A Public Relations Fiasco Hangs Our Best And Bravest Out To Dry

By - CTL
December 8, 2020

By Mike Canavan

Whoever advised Angus Campbell he needed to get a head of the game, and release to the world the shame of or SAS for alleged war crimes — as yet unproven, should be removed from their post; and Campbell must resign for his appalling lack of judgement over his stance with regard to the recently release of the infamous ‘Brereton Report’. Perhaps Campbell had another agenda, it is hard to know. Strictly from a public relations point of view, things could not get worse for the Australian Military Forces. The best of the best — the SAS special forces unit today as a result of his actions face some of the most difficult times in its long and illustrious history. It is hard to imagine that it could and has been handled any worse than if they set out to discredit and demonise the brave men and women that are charged with the defence of our nation.

The source of the controversy is the document known as the ‘Brereton Report’ penned by Major General Brereton, also known as Mr Justice Brereton, a Justice of the NSW bench. There is little doubt that Justice Brereton is an experienced Jurist. Yet there is no question that he has ever seen the working end of a PPSh-41 sub machine gun, nor an AK-47 assault rifle. Many have referred to people like him as ‘weekend warriors’.

Brereton enlisted in the Australian Army Reserve in 1975 and was commissioned into the Royal Australian Infantry Corps in 1979. From 1977 until 1997 he was also Training Officer of the Knox Grammar School Cadet Unit. His senior appointments have included Second-in-command of Sydney University Regiment (1994–96),He over the years worked his way through the ranks. On 1 January 2007 he was promoted brigadier and posted as Assistant Chief of Staff, Land Headquarters, and on 1 January 2008, assumed his posting as commander 5th Brigade. Brereton was promoted major general and served as Head of the Cadet, Reserve and Employer Support Division from 2010 to 2014. I suspect the most action that Mr Brereton has ever seen is pushing his way to the bar at Sydney University’s Manning house through a crowded Friday of rowdy undergraduates.

Never one short of wanting a headline, Prime Minister Morrison with nothing proven, no one charged — decided that it would be in our nation’s best interest to apologise to the people of Afghanistan, and advise our nation that what we were about to witness would shock us to the very core. This is the bloke (Morrison) who bought us the memorable campaign “Australia, where the bloody hell are you”?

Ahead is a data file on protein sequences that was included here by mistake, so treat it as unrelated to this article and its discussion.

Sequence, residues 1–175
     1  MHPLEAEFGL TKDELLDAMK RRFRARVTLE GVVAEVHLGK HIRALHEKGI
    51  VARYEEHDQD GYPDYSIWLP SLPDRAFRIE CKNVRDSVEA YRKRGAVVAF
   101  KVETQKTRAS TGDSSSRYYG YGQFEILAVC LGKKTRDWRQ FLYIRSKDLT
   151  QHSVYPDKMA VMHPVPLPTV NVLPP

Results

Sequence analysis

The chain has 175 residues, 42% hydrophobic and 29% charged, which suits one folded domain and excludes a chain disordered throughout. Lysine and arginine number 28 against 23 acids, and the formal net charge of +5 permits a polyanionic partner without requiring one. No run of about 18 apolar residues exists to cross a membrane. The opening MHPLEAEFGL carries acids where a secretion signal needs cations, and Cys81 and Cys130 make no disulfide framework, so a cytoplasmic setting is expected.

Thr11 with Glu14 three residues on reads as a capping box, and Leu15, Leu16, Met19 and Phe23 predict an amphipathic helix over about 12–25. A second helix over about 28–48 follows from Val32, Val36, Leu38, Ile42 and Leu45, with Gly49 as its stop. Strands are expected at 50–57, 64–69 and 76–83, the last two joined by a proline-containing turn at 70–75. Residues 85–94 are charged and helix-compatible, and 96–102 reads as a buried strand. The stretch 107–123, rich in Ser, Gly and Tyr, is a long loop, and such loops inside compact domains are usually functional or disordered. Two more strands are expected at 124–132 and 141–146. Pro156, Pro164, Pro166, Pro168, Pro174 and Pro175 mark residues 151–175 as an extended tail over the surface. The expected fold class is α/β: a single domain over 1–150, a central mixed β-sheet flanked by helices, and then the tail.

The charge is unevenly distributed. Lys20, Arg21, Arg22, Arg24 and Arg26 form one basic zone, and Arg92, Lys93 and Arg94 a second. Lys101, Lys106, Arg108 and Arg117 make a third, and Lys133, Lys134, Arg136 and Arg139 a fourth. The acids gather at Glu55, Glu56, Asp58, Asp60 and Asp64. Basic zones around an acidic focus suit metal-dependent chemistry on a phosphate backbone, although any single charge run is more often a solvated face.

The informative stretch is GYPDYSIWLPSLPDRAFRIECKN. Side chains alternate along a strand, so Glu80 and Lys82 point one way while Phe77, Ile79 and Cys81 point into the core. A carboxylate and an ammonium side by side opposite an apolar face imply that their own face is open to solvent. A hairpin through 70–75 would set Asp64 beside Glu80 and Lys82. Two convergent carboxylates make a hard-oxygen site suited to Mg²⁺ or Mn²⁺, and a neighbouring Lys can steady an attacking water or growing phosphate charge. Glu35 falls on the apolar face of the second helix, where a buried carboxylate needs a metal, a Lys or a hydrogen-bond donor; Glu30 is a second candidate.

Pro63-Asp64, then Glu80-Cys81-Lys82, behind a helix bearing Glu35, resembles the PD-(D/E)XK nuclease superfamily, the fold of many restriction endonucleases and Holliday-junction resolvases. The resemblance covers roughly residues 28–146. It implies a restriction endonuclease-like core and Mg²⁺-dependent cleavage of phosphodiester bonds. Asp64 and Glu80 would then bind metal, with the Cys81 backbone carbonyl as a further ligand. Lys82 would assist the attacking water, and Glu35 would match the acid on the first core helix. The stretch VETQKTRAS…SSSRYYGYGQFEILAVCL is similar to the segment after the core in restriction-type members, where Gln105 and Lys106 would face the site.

If that were not bad enough, our illustrious Foreign Minister Marise Payne wrote to her Afghan counterpart “ apologising for the misconduct”. What misconduct? The report is yet to be tabled. There are no names, there are no charges — nothing has been proved in the courts. One has to really ask “ what the bloody hell is Morrison up to”?

How do you defend the nation by demoralising and demonising those charged with that responsibility?

Justice Brereton says the Commanders of Australia’s Middle East operations, who included the Chief of the Defence Force Angus Campbell (from 2011-2012), were not accountable because they did not have in Brereton’s words: “A sufficient degree of command and control to attract the principles of command responsibility.”

Already, Campbell has apologised to the ‘victims’ families’. Victims? Perhaps he believes that he has cleansed his soul, in the ultimate act of Pontius Pilate, who washed his hands of the stain of his lamentable involvement in Christ’s execution — if indeed there is a matter where guilt must be apportioned. As I’ve said before, this entire matter has not been before any court whatsoever, no one has been charged and nobody named.

However, grave doubts must be raised regarding the leadership of the Defence Force of Australia and its leader Angus Campbell. Campbell’s background is as follows:

General Angus John Campbell, AO, DSC, is a senior officer in the Australian Army, serving as the Chief of the Defence Force since 6 July 2018.

Campbell served as Chief of Staff to General Peter Cosgrove and later Air Chief Marshal Angus Huston during their respective tenures as Chief of the Defence Force. In 2005 he left the full-time army and assumed a senior civilian appointment as First Assistant Secretary in the Office of National Security within the Department of Prime Minister and Cabinet. Campbell was later promoted to Deputy Secretary, and served as Deputy National Security Adviser for a period before returning to the army in 2010.